Insects 2020, 11(9), 592; https://doi.org/10.3390/insects11090592 - 03 Sep 2020
Viewed by 708
Abstract
The transmission of phytoplasmas is the result of an intricate interplay involving pathogens, insect vectors and host plants. Knowledge of the vector’s competence during its lifespan allows us to define more sustainable well-timed control strategies targeted towards the most worrisome life stages. We [...] Read more.
The transmission of phytoplasmas is the result of an intricate interplay involving pathogens, insect vectors and host plants. Knowledge of the vector’s competence during its lifespan allows us to define more sustainable well-timed control strategies targeted towards the most worrisome life stages. We investigated the temporal dynamics of ‘Candidatus Phytoplasma mali’ load in Cacopsylla melanoneura in the different developmental stages in Northwest Italy. The phytoplasma load in the vector was evaluated in overwintering adults, nymphs and newly emerged adults after different acquisition access periods. Moreover, we followed the multiplication of the phytoplasma during the aestivation and the overwintering period on conifers. Our results confirmed the ability of remigrants to retain the phytoplasma until the end of winter. We also highlighted the high acquisition efficiency and vector competence, based on phytoplasma load, of nymphs and newly emerged adults. Therefore, particular attention should be paid to the management of overwintered C. melanoneura as soon as they return to the orchards, but also to newly emerged adults, particularly in orchards with a high infection rate and when the migration to conifers is delayed. Full article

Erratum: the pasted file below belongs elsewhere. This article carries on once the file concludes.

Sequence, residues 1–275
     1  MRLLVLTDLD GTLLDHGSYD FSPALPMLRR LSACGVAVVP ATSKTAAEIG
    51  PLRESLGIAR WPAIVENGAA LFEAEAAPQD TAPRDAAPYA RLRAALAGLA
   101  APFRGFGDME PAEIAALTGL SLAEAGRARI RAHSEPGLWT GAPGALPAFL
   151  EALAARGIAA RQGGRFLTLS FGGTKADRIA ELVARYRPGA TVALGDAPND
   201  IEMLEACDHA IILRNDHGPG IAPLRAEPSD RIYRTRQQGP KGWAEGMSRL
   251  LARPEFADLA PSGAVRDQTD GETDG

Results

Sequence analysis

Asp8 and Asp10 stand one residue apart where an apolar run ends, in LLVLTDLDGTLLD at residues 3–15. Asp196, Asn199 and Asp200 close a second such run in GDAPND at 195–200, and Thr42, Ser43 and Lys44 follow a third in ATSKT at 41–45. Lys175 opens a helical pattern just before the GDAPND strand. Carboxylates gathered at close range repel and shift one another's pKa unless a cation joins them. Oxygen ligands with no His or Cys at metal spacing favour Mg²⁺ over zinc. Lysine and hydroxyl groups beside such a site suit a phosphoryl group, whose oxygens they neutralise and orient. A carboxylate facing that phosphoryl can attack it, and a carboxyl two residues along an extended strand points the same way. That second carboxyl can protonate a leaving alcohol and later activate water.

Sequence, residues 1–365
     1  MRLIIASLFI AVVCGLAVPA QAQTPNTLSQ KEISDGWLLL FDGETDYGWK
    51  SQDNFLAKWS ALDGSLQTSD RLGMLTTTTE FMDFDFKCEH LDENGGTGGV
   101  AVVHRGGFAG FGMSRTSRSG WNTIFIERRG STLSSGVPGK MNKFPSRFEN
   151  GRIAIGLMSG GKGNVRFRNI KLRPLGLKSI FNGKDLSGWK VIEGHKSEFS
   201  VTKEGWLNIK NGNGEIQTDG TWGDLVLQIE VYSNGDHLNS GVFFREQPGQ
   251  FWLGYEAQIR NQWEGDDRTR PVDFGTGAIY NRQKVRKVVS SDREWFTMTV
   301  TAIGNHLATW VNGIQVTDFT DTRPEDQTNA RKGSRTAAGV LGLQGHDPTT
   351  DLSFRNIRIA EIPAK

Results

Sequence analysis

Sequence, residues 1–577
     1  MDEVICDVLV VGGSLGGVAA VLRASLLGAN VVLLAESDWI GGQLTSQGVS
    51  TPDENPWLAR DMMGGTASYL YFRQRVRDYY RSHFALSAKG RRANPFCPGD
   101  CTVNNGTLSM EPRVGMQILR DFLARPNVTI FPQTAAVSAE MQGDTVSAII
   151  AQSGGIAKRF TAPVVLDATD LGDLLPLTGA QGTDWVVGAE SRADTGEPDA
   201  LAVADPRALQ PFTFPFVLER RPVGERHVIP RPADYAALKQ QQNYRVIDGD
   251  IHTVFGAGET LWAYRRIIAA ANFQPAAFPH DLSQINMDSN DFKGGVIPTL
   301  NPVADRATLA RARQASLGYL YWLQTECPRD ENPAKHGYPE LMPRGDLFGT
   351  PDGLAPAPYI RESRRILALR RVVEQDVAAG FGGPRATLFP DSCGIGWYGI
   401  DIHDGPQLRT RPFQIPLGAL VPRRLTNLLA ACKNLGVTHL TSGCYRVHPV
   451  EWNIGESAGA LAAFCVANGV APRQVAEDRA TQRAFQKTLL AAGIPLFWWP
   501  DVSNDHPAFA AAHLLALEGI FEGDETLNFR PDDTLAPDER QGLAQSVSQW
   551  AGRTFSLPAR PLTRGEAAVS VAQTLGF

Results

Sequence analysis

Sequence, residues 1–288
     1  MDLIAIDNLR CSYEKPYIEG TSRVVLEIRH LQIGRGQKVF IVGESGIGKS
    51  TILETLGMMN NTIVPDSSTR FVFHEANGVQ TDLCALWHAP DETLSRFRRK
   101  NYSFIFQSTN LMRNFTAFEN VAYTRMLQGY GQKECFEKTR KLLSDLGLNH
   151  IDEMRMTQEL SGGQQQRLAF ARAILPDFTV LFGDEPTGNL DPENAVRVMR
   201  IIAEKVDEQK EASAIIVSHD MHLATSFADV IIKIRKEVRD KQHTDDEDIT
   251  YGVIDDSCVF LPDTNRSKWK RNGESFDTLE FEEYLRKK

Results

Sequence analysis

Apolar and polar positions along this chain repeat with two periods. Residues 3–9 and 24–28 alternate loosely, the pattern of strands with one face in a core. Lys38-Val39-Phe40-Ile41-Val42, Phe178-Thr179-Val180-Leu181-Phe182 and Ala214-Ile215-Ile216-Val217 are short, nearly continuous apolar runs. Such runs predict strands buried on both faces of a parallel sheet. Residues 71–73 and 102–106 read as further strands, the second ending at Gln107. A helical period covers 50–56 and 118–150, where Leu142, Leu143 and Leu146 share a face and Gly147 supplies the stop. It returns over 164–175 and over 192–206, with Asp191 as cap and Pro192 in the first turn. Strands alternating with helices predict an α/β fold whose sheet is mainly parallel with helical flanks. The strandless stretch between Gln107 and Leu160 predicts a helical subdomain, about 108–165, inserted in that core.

(This article belongs to the Special Issue Insect Vectors of Plant Pathogens)
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Article
Foliar Spraying of Tomato Plants with Systemic Insecticides: Effects on Feeding Behavior, Mortality and Oviposition of Bemisia tabaci (Hemiptera: Aleyrodidae) and Inoculation Efficiency of Tomato Chlorosis Virus
Insects 2020, 11(9), 559; https://doi.org/10.3390/insects11090559 - 22 Aug 2020
Cited by 3 | Viewed by 1288
Abstract
Tomato chlorosis virus (ToCV) is a phloem-limited crinivirus transmitted by whiteflies and seriously affects tomato crops worldwide. As with most vector-borne viral diseases, no cure is available, and the virus is managed primarily by the control of the vector. This study determined the [...] Read more.